White House May Propose 95% Cut in ‘Drug Czar’ Budget

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The Trump administration may propose to gut the White House “drug czar” by 95 percent, effectively eliminating the decades-old Office of National Drug Control Policy, the lead federal agency responsible for coordinating drug policy, the Washington Post reports. The draft budget plan comes as the nation is struggling with an escalating opioid epidemic. Ending opioid addiction was a centerpiece of the Trump presidential campaign. He drew support from many of the rural areas and small ­working-class towns hit hardest by the drug crisis. In March, Trump named a new task force to help combat the opioid crisis, tapping New Jersey Gov. Chris Christie to lead it. In an email to employees, Richard Baum, acting director of the drug office, said the proposed $364 million cut for the year starting October 1 would leave a budget of just $24 million and eliminate its two major programs.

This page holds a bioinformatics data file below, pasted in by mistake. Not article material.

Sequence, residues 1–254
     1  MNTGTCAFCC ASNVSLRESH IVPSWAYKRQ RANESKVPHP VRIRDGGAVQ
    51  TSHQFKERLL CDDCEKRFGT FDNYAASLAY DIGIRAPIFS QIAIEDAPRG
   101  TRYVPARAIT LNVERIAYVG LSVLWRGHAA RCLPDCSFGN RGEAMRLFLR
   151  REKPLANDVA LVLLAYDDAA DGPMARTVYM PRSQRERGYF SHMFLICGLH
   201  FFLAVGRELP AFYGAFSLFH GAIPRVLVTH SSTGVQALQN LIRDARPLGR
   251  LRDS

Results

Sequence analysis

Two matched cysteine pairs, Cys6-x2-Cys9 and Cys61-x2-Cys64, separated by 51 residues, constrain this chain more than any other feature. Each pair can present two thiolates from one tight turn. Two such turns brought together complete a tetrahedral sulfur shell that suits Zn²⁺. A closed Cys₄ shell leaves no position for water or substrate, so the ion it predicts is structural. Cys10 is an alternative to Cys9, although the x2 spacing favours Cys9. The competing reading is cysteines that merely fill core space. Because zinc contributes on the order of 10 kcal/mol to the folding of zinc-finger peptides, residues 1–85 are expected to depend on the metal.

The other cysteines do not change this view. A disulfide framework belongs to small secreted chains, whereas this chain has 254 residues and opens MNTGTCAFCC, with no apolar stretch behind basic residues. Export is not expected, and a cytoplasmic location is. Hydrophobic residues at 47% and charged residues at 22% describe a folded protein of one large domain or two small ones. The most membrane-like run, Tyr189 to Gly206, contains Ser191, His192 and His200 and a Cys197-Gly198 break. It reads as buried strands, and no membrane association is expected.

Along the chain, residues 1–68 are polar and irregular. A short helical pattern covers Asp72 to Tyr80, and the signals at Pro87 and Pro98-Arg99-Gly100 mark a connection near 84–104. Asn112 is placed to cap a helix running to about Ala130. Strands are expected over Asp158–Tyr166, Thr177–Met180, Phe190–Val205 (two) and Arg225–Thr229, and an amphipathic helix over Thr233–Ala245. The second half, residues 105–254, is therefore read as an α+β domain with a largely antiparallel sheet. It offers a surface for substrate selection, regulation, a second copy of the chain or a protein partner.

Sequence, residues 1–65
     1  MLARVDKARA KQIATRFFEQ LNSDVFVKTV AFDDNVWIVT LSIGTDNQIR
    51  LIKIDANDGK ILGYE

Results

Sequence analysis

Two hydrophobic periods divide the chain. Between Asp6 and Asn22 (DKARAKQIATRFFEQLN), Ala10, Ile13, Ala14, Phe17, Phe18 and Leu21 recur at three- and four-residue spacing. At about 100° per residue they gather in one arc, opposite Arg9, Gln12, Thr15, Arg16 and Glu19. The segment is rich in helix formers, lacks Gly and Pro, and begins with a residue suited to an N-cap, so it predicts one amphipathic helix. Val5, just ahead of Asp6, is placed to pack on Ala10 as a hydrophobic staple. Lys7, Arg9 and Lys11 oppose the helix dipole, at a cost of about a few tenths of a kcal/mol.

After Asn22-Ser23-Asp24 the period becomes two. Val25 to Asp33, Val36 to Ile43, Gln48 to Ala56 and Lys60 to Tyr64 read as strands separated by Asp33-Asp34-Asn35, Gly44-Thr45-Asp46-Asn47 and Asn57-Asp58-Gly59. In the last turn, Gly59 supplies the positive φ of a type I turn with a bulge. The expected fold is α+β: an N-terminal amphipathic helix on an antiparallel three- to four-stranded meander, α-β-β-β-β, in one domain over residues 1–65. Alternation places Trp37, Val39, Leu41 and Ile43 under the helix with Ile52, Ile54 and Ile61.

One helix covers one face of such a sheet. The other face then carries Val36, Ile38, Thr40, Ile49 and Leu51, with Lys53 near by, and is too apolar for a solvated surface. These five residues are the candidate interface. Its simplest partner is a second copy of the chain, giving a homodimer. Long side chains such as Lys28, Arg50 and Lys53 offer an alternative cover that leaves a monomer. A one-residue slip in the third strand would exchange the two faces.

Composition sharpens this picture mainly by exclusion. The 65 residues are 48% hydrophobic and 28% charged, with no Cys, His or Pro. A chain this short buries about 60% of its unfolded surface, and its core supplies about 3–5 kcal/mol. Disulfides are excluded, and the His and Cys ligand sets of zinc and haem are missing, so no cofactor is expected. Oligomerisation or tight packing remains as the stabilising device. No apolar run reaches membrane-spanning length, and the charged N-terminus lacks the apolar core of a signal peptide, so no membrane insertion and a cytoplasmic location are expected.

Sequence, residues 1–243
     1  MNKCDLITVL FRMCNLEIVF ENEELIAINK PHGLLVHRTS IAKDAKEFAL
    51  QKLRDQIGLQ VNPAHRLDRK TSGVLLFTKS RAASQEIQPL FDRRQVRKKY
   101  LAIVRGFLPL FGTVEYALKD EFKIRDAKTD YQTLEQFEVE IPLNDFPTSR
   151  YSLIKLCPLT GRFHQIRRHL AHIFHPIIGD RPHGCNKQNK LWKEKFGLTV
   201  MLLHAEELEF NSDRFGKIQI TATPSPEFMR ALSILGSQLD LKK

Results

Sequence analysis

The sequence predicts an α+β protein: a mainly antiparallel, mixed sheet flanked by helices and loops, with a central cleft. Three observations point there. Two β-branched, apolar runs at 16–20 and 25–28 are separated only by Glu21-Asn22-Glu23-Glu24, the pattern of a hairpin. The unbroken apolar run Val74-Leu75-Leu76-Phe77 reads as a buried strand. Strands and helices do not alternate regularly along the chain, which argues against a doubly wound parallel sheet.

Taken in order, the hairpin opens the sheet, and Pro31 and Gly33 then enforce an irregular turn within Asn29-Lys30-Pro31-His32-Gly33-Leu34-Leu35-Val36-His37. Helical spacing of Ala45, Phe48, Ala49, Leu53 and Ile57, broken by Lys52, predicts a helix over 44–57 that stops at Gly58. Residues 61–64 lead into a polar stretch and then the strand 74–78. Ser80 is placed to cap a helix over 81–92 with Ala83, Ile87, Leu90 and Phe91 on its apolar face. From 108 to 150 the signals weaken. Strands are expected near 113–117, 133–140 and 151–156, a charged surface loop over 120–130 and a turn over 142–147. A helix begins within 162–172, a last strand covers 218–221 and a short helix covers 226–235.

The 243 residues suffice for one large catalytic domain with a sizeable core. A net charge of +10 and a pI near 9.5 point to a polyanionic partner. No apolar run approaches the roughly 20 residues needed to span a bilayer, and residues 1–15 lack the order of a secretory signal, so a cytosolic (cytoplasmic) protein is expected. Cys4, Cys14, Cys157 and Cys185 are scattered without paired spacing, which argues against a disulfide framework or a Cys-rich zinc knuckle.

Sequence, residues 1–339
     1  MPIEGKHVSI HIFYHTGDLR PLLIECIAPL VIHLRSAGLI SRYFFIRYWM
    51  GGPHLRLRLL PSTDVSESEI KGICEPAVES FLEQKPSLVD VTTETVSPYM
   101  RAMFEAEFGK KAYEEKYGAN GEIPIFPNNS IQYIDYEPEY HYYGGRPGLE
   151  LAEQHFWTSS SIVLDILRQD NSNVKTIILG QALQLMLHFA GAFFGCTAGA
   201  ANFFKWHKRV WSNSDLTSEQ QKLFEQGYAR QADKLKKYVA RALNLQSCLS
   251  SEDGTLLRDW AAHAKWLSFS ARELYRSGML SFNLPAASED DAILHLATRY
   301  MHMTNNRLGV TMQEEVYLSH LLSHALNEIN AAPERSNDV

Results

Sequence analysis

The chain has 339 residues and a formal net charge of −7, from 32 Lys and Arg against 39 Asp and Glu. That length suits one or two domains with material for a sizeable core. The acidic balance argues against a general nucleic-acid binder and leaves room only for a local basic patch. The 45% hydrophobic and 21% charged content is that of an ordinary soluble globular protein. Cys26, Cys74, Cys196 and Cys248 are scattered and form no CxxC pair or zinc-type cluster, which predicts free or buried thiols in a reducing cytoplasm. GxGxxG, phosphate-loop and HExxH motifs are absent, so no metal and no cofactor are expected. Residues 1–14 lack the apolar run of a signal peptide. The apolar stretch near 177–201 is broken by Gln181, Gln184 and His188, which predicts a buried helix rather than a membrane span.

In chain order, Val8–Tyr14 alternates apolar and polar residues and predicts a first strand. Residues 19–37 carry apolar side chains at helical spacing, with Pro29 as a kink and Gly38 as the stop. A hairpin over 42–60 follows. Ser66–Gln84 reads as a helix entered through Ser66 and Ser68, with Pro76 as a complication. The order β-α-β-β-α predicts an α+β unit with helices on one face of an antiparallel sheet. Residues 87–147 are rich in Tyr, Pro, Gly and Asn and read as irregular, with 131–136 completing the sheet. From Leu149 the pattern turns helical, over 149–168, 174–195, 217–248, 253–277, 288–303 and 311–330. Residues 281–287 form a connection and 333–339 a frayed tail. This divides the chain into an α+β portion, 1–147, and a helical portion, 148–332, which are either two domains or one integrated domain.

Baum called the cuts “drastic” and “frankly heartbreaking,” saying they are “at odds with the fact that the President has tasked us with supporting his Commission on Combatting Drug Addiction and the Opioid Crisis.” About half the staff would be eliminated. “That budget wouldn’t pay the heating bill at the Pentagon,” said Barry McCaffrey, a retired Army general who headed the office under President Bill Clinton between 1996 and 2001. “It sends a terrible message. Why send this bizarre political signal in the middle of what is without question a major health-care crisis in America? It’s very strange.” A coalition representing hundreds of drug prevention, law enforcement and health groups is sending a letter of protest to the White House. The office “brings essential expertise to the table on complex drug issues, expertise that would otherwise be missing or dispersed across multiple agencies,” said the group. “It is more important than ever for ONDCP to remain a strong voice in the White House and a visible presence nationally.” White House Chief of Staff Reince Priebus said the proposal was not final, telling Fox News Sunday, “I would always tell people, judge President Trump by his actions, not leaked documents and hypotheticals.”

 

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